Next, in a precipitation treatment step S12, the rolled plate (heat sink 31) that has undergone the solution treatment is charged into the heat treatment furnace 50 and thermally treated under conditions of a heating temperature of 500° C. or higher and 560° C. or lower and a holding time at the heating temperature of 30 hours or longer and 150 hours or shorter, the Mn-containing precipitates 33 are sufficiently precipitated, and the amount of a solid solution of Mn is sufficiently decreased. At this time, it is preferable to calculate the solid solubility limit of Mn at the equilibrium state from the binary phase diagram of Al and Mn shown in FIG. 3 and obtain a temperature condition at which the Mn solid solution concentration C1 reaches the target value.

Here, the upper limit of the heating temperature in the precipitation treatment step S12 is preferably set to 540° C. or lower and more preferably set to 520° C. or lower.

The lower limit of the holding time at the heating temperature is preferably set to 50 hours or longer and more preferably set to 120 hours or longer.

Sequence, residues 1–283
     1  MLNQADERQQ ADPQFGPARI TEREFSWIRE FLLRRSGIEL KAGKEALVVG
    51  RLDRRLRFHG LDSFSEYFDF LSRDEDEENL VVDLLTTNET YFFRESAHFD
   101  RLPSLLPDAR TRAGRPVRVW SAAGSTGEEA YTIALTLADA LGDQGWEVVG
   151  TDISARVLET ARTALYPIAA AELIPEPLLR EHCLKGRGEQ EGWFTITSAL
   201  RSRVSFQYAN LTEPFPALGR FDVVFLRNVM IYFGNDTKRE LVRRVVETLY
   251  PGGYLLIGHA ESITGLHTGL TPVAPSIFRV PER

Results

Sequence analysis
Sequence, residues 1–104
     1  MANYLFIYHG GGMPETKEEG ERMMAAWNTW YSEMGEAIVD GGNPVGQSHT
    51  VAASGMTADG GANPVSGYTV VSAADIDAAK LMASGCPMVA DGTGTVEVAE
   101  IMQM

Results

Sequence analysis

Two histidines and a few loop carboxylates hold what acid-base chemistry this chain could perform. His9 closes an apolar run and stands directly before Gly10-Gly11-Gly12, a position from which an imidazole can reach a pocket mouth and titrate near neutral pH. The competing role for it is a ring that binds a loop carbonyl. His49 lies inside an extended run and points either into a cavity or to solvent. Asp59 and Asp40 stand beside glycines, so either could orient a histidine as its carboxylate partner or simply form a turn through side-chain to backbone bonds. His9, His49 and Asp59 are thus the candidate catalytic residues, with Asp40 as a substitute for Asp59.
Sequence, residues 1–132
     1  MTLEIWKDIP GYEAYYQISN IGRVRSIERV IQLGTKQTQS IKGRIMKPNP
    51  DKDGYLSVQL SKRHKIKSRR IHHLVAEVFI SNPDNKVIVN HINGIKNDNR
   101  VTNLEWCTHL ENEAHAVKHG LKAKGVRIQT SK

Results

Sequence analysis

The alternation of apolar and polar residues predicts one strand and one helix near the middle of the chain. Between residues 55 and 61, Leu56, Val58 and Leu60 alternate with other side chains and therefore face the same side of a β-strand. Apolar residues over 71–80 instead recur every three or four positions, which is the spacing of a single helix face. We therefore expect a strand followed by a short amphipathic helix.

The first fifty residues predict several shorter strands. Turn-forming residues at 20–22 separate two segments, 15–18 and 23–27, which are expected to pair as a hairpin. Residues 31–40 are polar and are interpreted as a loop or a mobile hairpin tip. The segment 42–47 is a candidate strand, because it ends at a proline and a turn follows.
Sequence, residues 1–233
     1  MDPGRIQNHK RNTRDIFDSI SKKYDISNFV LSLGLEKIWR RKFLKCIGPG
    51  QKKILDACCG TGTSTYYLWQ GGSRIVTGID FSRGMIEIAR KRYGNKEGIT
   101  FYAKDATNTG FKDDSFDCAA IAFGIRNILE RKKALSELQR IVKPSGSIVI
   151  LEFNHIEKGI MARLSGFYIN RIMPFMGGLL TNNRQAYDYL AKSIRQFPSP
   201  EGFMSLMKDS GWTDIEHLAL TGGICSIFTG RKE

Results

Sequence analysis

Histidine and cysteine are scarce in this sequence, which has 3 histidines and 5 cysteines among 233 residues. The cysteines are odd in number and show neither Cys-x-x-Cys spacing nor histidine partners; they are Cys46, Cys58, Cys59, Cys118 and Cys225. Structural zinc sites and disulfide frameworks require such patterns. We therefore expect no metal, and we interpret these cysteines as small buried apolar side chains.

(Heat Sink Laminating Step S03)

Next, in a heat sink laminating step S03, the metal layer 13 of the insulating circuit substrate 10 is laminated with the rolled plate (heat sink 31) that has been subjected to the solution treatment step S11 and the precipitation treatment step S12 to form a laminate.

The bonding surfaces of the metal layer 13 and the heat sink 31 are each flattened by removing damage on the surfaces in advance.

(Solid Phase Diffusion Bonding Step S04)

Next, in a solid phase diffusion bonding step S04, the above-described laminate is pressurized (at a pressure of 3 to 35 kgf/cm2 (0.3 to 3.5 MPa)) in the lamination direction and heated to bond the metal layer 13 and the heat sink 31 to each other by solid phase diffusion bonding.

Here, in the solid phase diffusion bonding step S04, it is preferable that the heating temperature is set to be in a range of 450° C. or higher and lower than 520° C. and the holding time at the heating temperature is set to be in a range of 30 minutes or longer and 240 minutes or shorter.

During pressurization and heating in the solid phase diffusion bonding step S04, an ohmic heating device or a hot press device is preferably used.

The insulating circuit substrate with a heat sink 30, which is the present embodiment, is manufactured as described above.

(Die-Bonding Step S05)

Next, in a die-bonding step S05, the semiconductor element 3 is laminated on one surface (front surface) of the circuit layer 12 through a solder material and bonded in a reducing furnace with solder.

The power module 1, which is the present embodiment, is manufactured as described above.